The championship fight which was teased throughout the build-up to the new season has crystallised on the front row of the grid for the Bahrain Grand Prix.
Max Verstappen beat world champion Lewis Hamilton to pole position by just under four-tenths of a second. It was a near-reversal of the situation last year, where
Hamilton took pole and Verstappen was four-tenths behind in third.
With 22 more races to follow this one, we should be wary of investing too much significance in the first round of many. But it’s clear the fairly minor changes in the regulations over the off-season – certainly compared to what’s coming next year – has had a profound effect on the competitive order.
All the teams are slower than they were in Bahrain four months ago. But the key change as far as the championship is concerned is that Mercedes have lost over two seconds to Red Bull’s 1.3.
Hamilton suspects Red Bull will at least sustain that pace advantage in the race. “I think they’ve got the pace gap they have today, usually they carry that through into the race,” he said.
“They’re very strong in the race conditions. I’d like to think that we can close up a little bit, but I think they’ve still got at least two tenths in hand.”
Friday’s running suggested the two teams were closer on lap times over longer runs. But Hamilton said that isn’t the case “from the information that I’ve been given and from what I can see.”
“Our balance wasn’t really that spectacular, but it wasn’t the worst, driving,” he said. “It was just if you put all the workings out, it looked like it was a couple of tenths difference between us.
“But we’ll see. It definitely didn’t look terrible, and it was a lot better than what I thought was going to be in testing.”
One weakness Red Bull had last year has persisted into the first race of the new season: they still look like a one-car team. Sergio Perez failed to accompany Verstappen into the final round of qualifying, though to be fair his 0.3 second deficit to his team mate in Q2 is less than what was typical of his predecessor last season, and this was only his sixth day driving the car.
Still, it leaves Verstappen up front without a wingman, with two Mercedes potentially able to exploit different strategies to put pressure on the Red Bull. Unless, of course, Perez can make rapid progress through the seven cars which separate him from the leading trio.
That will likely be quite a bit harder than last year as the midfield has got a lot quicker since the last Bahrain Grand Prix. Red Bull was the only team within a second of pace-setters Mercedes in Bahrain last year. But this weekend three other teams besides Mercedes are as close to Red Bull – McLaren, Ferrari and AlphaTauri – and five of their six cars line up in front of Perez.
The speed of the midfield leaders will have another bearing on the race. Last year whichever of the two Mercedes drivers was typically leading a race left the field behind so quickly they could pit for fresh tyres and come out in clear air. It may take longer to get the necessary lead this year and the cars they emerge behind will be quicker.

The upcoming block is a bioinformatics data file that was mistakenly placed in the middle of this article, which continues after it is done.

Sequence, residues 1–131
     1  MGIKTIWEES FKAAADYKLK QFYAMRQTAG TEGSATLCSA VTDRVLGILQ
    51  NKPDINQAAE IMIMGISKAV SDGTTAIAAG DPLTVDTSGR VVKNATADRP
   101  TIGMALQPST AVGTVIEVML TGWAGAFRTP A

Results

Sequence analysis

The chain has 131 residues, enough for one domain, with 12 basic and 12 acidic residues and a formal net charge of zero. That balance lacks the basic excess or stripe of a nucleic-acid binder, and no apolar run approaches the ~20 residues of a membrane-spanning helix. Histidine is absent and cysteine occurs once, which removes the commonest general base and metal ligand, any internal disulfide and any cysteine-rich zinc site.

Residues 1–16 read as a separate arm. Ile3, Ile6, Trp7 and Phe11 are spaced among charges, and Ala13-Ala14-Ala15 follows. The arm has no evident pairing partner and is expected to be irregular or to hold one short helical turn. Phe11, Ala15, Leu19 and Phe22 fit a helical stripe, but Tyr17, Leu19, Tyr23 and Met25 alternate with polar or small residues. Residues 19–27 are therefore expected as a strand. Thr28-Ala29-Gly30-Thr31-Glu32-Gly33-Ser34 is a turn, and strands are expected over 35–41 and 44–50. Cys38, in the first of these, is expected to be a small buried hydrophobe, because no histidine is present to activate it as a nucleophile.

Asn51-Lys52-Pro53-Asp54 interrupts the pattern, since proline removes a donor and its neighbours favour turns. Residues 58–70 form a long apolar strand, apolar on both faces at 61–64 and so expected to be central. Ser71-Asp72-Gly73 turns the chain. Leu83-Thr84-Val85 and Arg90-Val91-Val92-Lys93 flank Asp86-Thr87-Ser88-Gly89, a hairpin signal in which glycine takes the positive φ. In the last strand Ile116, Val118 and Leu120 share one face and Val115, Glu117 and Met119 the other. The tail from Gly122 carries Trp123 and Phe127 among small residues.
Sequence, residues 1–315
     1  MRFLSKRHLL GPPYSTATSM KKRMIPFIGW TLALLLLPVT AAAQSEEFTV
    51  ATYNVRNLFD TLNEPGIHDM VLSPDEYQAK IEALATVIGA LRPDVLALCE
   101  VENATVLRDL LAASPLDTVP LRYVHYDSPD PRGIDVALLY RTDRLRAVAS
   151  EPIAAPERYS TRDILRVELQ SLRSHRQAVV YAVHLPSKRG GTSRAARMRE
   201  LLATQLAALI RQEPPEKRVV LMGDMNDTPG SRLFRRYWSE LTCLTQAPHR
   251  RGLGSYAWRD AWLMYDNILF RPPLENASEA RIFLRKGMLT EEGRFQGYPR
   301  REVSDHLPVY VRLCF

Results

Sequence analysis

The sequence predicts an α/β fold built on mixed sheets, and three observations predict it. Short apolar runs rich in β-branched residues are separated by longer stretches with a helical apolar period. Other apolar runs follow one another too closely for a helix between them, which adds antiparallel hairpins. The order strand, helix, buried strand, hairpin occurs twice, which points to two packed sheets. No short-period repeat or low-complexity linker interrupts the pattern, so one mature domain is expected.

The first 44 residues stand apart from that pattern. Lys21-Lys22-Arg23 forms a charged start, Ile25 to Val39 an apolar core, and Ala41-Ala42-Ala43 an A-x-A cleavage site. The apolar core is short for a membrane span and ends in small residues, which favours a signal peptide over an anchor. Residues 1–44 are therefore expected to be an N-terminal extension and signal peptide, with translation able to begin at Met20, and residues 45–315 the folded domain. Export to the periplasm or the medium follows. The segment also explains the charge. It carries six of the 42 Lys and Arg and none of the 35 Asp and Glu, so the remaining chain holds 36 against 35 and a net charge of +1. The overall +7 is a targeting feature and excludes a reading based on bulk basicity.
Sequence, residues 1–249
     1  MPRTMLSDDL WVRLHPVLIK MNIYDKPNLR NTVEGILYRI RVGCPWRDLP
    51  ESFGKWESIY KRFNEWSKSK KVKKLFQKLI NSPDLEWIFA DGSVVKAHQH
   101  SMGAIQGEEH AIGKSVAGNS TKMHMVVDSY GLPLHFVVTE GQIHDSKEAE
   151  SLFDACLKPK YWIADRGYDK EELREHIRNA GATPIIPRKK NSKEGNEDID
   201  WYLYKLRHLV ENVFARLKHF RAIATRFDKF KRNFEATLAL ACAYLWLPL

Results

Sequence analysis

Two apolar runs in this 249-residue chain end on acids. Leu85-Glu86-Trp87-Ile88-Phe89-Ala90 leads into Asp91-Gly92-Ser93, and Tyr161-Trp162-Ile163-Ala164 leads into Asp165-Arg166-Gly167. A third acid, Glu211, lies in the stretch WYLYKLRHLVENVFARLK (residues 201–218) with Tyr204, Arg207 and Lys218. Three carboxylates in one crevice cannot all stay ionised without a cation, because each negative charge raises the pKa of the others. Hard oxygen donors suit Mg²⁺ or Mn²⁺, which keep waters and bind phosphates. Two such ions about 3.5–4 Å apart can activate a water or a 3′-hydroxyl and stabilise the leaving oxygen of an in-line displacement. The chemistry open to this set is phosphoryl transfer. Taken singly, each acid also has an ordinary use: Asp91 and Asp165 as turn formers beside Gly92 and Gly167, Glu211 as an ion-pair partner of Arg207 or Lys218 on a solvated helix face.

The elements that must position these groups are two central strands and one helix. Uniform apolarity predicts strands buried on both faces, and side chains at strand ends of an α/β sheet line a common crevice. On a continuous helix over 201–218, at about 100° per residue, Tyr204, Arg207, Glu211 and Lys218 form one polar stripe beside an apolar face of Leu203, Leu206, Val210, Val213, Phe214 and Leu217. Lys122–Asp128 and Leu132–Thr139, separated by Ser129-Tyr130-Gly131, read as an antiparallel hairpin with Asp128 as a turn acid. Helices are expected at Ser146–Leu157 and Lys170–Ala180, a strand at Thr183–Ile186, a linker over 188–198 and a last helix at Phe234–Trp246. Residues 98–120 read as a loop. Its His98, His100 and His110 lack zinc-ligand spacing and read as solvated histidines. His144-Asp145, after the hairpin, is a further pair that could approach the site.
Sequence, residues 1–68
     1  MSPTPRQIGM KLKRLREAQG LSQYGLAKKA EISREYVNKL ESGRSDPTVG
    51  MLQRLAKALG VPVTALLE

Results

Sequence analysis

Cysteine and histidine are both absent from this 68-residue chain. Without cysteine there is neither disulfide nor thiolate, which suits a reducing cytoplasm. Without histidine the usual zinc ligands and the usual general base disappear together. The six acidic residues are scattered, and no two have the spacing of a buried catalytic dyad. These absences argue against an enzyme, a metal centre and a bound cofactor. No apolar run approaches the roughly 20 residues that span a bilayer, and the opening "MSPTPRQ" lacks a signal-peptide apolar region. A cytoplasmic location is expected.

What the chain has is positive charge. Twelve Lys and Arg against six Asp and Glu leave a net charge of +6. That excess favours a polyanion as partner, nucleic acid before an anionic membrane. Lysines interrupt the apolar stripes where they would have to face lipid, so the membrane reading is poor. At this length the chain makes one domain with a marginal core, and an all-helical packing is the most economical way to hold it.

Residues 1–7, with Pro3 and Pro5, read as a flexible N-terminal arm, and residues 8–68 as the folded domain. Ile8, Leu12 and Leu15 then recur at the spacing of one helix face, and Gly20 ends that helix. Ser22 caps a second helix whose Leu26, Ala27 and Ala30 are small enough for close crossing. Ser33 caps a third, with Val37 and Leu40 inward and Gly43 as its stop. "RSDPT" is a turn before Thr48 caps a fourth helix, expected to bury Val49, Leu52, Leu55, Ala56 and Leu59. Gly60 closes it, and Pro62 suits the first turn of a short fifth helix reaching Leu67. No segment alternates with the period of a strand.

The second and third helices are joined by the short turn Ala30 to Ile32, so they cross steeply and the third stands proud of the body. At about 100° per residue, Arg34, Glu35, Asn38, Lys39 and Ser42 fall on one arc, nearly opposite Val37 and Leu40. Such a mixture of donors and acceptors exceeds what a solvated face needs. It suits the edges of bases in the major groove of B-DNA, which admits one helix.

That could make for some tricky strategy calls. But realistically it’s less likely to be a problem at Bahrain – where long, wide straights aid overtaking – than at narrower, twister circuits like the next one on the calendar.
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With limited testing data on the new cars and revised tyres, the Bahrain Grand Prix is going to be a race of discovery. That will be more so for some drivers than others. Fernando Alonso – back in F1 after a two-year absence and, as his qualifying performance showed, clearly as sharp as ever – is approaching the race less in terms of the result he can get out of it than the information he can glean.
“Tomorrow we will have a rough idea on what we want to do, how many stops we want to do, which laps we want to do,” he explained. “From my side, I will like to do a good start, a good first lap with no incidents, try to have a clean race and then executing those tyre management and those pit stops the best way I can.
“Because I need that information. I need to do 15, 20 laps with each of the compounds and feel how the degradation is going, how it keeps changing the balance, how to manage those tyres.
“There are a lot of things that some of the people around me on the grid have much more knowledge right now to start the championship. And I want to have those lessons in the pocket tomorrow night when you finish the race.
“So if that’s enough to finish seventh, fantastic. If it’s 11th, okay. If it’s 15th, okay as well. But I need that information tomorrow night.”
But for the occupants of the front row, this race is about who draws first blood in the championship fight. Curiously, Hamilton hasn’t started a new season with a win since 2015. But Red Bull are eyeing their first shot at victory in a season-opener for a decade.
Almost everything so far this weekend points to them achieving it.
Quotes: Dieter Rencken
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Over to you
Red Bull have looked on course to win all weekend – will Mercedes deny them on race day? And who have you got your eye on for the season-opening race?
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